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EXCLUSIVE: Paul Schrader Talks Biopic of Legendary Tiny Dancer Kschessinska

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by Anne Thompson
May 20, 2012 2:32 PM
2 Comments
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Kschessinska

While he didn't make the schlep to Cannes this year, writer-director Paul Schrader has some skin in the Cannes game. He's announced that he's writing an English-language biopic of Kschessinska, the legendary prima ballerina and mistress to the last Russian Tsar, for a film financed by the Kremlin-backed Culture & Arts Fund. Never before has an A-list American screenwriter written a Russian film about an iconic figure from Russian history. The film will star a mixed Russian and American cast. A director has not been signed.

On a Skype call from New York, Schrader calls the prima ballerina assoluta Mathilde Kschessinska the "ultimate femme fatale." As the Russian Empire was imploding, the ballerina wreaked havoc inside the Royal family. Rising from poverty through the ballet world to a life of luxury, the ambitious and charismatic dancer was mistress to four aristocratic players in the crumbling Romanov dynasty, including Tsar Nicholas II.

"She was quite a notorious figure is pre-Soviet Russia," says Schrader. "She was the first local prima ballerina, and was also quite conniving. She had a son whose patronage has never been determined. She liked people to believe it was Nicholas's son. It was probably his cousin's son; at one point his uncle claimed him. In court life she was a player."

As for the Revolution, "Nicholas was a real fuck-up, not up to the task of surviving, and had bad judgement, took bad advice," says Schrader. "It was a bloody period. When the Bolsheviks came in they commandeered Kschessinska's house, those photos of Lenin were taken on her balcony. She had a great investment in the ancien regime. She was no lover of people's rights. She died at age 99."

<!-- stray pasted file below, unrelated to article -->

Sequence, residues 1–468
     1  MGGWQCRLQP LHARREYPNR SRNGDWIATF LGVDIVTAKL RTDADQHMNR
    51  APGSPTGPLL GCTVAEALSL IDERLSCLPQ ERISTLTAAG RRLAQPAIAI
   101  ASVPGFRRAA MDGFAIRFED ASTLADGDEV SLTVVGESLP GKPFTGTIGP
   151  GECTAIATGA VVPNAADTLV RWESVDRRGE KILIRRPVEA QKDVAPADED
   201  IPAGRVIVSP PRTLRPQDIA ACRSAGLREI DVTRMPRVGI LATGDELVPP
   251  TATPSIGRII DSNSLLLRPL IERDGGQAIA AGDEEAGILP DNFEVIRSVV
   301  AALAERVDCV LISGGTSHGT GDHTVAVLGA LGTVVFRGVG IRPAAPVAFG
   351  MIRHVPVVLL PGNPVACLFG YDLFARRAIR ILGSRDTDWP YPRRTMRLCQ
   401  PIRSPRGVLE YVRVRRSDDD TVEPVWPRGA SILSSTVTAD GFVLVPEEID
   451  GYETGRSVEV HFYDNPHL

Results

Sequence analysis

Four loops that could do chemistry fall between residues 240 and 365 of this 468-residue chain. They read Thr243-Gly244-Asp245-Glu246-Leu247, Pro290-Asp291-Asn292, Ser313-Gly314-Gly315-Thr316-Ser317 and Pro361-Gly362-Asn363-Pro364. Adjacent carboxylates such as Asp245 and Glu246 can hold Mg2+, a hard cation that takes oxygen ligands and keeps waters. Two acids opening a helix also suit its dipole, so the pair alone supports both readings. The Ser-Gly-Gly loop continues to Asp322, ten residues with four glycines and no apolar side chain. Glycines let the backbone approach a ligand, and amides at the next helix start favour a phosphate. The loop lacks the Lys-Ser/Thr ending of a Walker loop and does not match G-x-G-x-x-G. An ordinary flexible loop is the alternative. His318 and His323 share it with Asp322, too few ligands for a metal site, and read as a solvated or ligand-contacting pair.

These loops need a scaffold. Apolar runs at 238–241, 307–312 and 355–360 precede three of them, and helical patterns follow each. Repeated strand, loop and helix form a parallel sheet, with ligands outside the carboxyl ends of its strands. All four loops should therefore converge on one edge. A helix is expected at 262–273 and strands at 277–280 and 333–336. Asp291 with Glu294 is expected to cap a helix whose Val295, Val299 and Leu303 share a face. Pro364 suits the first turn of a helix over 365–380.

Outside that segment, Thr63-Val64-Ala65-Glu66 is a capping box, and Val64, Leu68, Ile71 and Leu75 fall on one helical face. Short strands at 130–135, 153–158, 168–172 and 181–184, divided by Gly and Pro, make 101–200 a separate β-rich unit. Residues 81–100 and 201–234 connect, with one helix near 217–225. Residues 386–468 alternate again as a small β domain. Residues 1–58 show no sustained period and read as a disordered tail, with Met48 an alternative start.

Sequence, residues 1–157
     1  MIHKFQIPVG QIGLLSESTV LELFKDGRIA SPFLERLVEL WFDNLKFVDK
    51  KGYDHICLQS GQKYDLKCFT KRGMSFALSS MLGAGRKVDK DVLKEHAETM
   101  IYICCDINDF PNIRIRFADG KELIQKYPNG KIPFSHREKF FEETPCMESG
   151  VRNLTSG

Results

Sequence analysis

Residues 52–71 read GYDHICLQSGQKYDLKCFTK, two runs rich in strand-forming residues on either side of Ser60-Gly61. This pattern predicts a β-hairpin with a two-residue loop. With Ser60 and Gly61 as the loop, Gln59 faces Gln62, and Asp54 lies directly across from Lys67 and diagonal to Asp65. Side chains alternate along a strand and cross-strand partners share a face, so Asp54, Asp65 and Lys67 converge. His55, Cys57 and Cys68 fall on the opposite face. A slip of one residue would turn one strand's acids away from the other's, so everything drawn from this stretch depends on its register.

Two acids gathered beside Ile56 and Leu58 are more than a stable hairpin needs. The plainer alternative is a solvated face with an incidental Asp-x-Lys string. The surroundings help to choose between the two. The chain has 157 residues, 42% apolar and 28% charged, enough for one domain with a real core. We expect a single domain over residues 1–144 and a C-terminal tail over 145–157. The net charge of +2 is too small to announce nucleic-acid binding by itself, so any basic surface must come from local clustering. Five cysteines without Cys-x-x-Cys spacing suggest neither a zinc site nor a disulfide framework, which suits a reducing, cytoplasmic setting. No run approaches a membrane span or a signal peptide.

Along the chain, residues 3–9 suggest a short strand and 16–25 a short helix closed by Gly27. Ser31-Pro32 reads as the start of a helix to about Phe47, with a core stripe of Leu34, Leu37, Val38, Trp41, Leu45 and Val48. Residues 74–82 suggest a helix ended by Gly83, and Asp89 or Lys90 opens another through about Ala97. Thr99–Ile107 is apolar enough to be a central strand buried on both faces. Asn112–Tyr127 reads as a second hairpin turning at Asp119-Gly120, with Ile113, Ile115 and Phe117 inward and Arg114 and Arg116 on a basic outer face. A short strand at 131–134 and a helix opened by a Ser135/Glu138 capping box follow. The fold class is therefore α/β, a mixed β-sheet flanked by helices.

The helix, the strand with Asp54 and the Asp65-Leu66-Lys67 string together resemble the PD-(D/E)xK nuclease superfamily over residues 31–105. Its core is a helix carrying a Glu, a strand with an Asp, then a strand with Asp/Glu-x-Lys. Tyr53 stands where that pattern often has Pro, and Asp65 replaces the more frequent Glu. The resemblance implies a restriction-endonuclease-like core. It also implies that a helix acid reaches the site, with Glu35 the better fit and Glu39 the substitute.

Meanwhile Schrader is developing several other projects. He and Bret Easton Ellis are doing a DIY in July, getting money from Kickstarter. "The Canyon" is on Facebook, Kickstarter, and raised $70,000 the first week. "It's The Ed Burns model," Schrader says. "Everyone works for free, we're casting on Let It Cast, we've done 300 auditions and some screen tests, and will shoot four weeks in July."

2 Comments

  • Anne Thompson | May 21, 2012 3:44 AMReply

    I've seen all but five. I need to catch up on Vidor, Rosi, Sokurov, Tarkovsky, Boetticher (I'd have put on "The Tall T.") Did you do the Sight and Sound List? I finally sent off a list, and forgot to include The General, which is usually my number one!
    1. I Know Where I'm Going (Powell)
    2. Lawrence of Arabia (Lean)
    3. High and Low (Kurosawa)
    4. Rio Grande (Ford)
    5. The Lady Eve (Sturges)
    6. Bringing Up Baby (Hawks)
    7. The Apartment (Wilder)
    8. The Wild Bunch (Peckinpah)
    9. Meet Me in St. Louis (Minnelli)
    10. A Clockwork Orange (Kubrick)

  • Sergio | May 20, 2012 7:53 PMReply

    I've seen 50 out of the 60 films listed on Schrader's . Do I get the Silver prize?

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